What Are 360-Degree Performance Appraisals?

By Marianne Chrisos - Last Updated on September 9, 2019
Process of 360-Degree Performance Appraisal Explained

Performance reviews of some kind or another have become a standard at businesses of every size and across industries. Whether this takes place as a formal annual review associated with a pay raise or bonus or is a part of ongoing status check-ins with employees, feedback about employee performance is key to good managerial relationships and employee morale and productivity.

There are several kinds of performance appraisal methods, and the one that works for your organization will depend on your goals and your culture. One style, called a 360-degree review process, has become a popular way for modern businesses to assess their employees and provide well-rounded performance feedback.

Here’s what to know about the process of 360-degree performance appraisal.

Custom Insight defines 360-degree feedback as “a system or process in which employees receive confidential, anonymous feedback from the people who work around them. This typically includes the employee’s manager, peers, and direct reports. A mixture of about eight to twelve people fills out an anonymous online feedback form that asks questions covering a broad range of workplace competencies. The feedback forms include questions that are measured on a rating scale and also ask raters to provide written comments. The person receiving feedback also fills out a self-rating survey that includes the same survey questions that others receive in their forms.”

The steps for the process of 360-degree performance appraisal

The steps for HR look like this:

1. Plan

The purpose of using a 360-degree performance reviews needs to be rooted in personal and professional development. That means when you’re creating your assessments, you’re choosing questions and asking responses about the right criteria.

2. Choose raters and send out formats

Anyone chosen to participate in the review process should be reminded that their feedback is confidential and anonymous. Companies should make sure they choose enough participants to ensure anonymity. McQuaig notes that feedback should include “at least 1 Superior, 2–4 Peers and 4–6 Direct Reports. If you’re using a 360 feedback tool that segments participants based on role, keep in mind that a single participant in one of those roles won’t be anonymous – if there’s only one Superior participating, for example, everyone’s going to know what their feedback was.” Many companies also choose to have their employees weigh in on who will be conducting the review. After the assessments are sent out, it’s important to track the return of the feedback so that it doesn’t hold up the review process.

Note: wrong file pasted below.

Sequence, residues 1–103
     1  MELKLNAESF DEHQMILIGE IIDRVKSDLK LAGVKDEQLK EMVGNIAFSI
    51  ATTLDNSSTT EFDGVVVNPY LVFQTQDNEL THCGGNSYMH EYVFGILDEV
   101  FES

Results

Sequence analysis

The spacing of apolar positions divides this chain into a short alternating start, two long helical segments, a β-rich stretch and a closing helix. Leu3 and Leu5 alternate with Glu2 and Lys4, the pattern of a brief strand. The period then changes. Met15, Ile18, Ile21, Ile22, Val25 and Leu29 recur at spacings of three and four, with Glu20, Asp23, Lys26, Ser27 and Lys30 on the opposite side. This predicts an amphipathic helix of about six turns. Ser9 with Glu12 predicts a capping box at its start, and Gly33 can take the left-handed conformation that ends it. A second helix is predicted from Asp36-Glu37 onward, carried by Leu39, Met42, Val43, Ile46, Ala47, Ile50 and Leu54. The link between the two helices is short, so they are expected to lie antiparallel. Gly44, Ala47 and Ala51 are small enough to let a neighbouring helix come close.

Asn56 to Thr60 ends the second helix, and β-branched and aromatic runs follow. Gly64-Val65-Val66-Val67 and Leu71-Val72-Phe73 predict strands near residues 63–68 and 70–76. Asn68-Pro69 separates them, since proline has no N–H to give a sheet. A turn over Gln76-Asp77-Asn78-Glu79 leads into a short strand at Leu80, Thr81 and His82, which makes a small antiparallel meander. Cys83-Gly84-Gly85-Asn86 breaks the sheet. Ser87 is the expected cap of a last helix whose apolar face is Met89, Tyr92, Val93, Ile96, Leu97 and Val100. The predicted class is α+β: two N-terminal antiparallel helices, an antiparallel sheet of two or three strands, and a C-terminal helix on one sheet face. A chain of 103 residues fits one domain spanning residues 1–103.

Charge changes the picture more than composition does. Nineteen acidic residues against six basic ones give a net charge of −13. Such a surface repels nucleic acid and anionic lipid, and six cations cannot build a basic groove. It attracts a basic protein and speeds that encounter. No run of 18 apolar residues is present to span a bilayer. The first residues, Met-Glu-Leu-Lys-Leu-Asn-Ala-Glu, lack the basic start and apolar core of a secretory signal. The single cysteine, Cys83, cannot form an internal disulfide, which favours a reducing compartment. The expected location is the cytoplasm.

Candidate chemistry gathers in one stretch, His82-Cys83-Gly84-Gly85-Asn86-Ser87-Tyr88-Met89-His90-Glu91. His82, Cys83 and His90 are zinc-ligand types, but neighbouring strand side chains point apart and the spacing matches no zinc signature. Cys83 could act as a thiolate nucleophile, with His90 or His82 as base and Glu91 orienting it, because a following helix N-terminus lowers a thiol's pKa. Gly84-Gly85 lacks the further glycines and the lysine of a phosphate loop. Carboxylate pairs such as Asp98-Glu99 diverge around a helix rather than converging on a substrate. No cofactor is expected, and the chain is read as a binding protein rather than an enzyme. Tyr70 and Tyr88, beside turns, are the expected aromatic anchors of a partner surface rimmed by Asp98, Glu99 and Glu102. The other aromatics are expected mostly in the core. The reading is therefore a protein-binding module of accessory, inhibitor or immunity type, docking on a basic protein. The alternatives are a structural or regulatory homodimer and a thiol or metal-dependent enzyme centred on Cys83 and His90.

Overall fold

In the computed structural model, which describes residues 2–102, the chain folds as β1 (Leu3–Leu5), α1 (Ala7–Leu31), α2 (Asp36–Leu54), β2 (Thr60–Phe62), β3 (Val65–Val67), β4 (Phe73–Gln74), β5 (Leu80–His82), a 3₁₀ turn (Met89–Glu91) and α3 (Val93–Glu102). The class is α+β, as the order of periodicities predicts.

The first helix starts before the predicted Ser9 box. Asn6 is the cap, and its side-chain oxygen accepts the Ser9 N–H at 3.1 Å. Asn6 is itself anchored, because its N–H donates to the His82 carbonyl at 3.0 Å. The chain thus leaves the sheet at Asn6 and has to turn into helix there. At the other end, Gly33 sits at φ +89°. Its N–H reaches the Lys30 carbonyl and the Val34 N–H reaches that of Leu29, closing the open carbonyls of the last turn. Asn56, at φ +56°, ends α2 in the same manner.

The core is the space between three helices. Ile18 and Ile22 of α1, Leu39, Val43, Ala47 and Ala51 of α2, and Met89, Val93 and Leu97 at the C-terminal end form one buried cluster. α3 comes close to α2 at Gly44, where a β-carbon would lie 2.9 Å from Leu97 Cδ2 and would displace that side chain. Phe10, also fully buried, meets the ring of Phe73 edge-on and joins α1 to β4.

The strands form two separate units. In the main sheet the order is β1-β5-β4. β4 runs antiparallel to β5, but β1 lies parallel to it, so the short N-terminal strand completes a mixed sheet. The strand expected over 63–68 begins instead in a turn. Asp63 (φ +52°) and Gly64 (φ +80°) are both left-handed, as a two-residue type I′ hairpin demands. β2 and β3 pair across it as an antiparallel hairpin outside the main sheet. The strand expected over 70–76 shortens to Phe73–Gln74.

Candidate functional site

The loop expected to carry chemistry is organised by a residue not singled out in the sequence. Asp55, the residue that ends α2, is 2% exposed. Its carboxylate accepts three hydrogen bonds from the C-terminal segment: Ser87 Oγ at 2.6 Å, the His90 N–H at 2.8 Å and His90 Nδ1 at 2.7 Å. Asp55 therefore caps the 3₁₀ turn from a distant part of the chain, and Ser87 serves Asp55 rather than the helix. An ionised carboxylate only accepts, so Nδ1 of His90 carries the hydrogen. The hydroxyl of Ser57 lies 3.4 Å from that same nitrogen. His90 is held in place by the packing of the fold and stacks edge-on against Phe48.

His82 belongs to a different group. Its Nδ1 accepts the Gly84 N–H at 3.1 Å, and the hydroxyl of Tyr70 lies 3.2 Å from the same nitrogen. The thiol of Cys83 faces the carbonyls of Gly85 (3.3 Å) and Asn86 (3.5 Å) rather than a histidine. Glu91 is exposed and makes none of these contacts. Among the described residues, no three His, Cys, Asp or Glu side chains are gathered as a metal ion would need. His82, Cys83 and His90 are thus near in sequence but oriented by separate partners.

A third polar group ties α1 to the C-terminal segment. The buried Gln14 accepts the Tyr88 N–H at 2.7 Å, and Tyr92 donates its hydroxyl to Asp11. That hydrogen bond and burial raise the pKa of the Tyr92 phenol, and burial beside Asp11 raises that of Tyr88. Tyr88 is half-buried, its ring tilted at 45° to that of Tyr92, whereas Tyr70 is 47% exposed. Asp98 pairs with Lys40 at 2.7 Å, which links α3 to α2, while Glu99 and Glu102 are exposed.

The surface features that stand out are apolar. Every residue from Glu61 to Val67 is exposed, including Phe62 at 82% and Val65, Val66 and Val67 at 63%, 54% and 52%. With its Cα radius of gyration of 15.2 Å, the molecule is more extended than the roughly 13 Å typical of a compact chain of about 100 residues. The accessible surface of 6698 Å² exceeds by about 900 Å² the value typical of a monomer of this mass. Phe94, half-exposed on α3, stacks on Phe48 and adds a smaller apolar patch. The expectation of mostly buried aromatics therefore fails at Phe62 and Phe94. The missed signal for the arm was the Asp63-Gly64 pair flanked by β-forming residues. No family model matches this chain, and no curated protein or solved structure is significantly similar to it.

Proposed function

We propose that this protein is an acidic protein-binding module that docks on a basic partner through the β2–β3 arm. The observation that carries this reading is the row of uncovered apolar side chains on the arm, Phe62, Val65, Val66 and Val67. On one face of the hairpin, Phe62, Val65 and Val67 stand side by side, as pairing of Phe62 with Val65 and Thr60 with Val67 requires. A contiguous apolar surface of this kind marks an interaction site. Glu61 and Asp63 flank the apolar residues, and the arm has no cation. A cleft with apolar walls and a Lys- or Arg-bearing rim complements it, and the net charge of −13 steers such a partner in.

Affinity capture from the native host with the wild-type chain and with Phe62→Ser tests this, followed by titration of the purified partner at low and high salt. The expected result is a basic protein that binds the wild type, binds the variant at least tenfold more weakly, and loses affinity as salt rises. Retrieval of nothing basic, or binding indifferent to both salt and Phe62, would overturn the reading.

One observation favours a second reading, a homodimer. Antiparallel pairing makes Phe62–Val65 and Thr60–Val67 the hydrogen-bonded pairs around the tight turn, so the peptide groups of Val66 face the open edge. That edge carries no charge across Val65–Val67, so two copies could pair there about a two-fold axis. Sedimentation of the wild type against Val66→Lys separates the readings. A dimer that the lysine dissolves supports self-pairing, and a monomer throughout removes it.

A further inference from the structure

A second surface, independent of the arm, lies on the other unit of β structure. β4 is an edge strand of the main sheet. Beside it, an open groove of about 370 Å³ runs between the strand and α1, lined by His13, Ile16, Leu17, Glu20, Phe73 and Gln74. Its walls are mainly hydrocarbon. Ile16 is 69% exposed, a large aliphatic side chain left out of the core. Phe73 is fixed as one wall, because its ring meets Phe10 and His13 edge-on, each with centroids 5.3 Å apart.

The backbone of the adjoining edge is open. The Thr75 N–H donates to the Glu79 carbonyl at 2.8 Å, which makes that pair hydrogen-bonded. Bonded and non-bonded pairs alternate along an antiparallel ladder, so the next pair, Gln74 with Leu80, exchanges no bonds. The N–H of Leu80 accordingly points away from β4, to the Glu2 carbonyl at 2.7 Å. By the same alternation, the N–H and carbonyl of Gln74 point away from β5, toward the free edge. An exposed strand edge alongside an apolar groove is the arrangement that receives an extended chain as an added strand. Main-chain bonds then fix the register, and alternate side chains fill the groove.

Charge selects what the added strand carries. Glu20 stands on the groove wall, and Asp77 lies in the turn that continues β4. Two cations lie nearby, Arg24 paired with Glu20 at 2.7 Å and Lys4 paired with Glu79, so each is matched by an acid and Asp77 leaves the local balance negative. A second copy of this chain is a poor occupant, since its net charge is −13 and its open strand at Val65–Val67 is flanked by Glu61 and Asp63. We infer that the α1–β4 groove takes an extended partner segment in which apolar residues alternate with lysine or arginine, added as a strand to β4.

What are some of the pros and cons of the 360-degree performance appraisal?

While the process of 360-degree performance appraisal is straightforward and cohesive, there are benefits and potential pitfalls of using it in your business.


  • 360-degree performance appraisals help employees understand and recognize their strengths and weaknesses across their interactions with the business as a whole. With more feedback, employees understand how to be more effective in their current roles.
  • 360-degree feedback can work for reviewing anyone in the company, including managers.
  • 360 reviews are a good tool for seeing employee patterns. Maybe several people gave feedback that indicated that the employee was lacking in communication or very good at meeting deadlines. Whatever the feedback says gives managers and HR the information they need to direct employees towards goals, training, and reward.
  • It’s a good tool for measuring behaviors and overall competencies, as well as understanding an employee’s interdepartmental relationships. Sometimes employees feel like they’re not a part of the bigger business because they are focused on supervisor-only feedback.


  • 360-degree reviews should not be used to measure strictly objective things such as attendance, sales quotas, etc. This makes 360 reviews a better tool to be used in conjunction with another review process focused more on goal completion for some businesses.
  • Most businesses want to maintain the anonymity of the employees who are giving feedback. For inexperienced companies, this can be more challenging. It’s also not always a great tool for small businesses, as there might not be enough internal feedback to create a meaningful review.
  • SHRM believes that 360-degree reviews are “a snapshot. … Performance should be examined continuously, and a 360 is usually focused at a point in time.” This means they should always be used with continuous performance management systems.

The process of 360-degree performance appraisal has significant benefits in ensuring a more well-rounded set of feedback; it also helps to inform personal and professional potential and growth within employees. It’s not a particularly strong tool for reviewing hard skills and technical aptitude or being used as the singular tool to decide promotions and raises, but it can help to shape information regarding overall employee performance.

Marianne Chrisos

Marianne Chrisos | Born in Salem, Massachusetts, growing up outside of Chicago, Illinois, and currently living near Dallas, Texas, Marianne is a content writer at a company near Dallas and contributing writer around the internet. She earned her master's degree in Writing and Publishing from DePaul University in Chicago and has worked in publishing, advertising, digital marketing, and content strategy.

Marianne Chrisos

Marianne Chrisos | Born in Salem, Massachusetts, growing up outside of Chicago, Illinois, and currently living near Dallas, Texas, Marianne is a content writer at a c...

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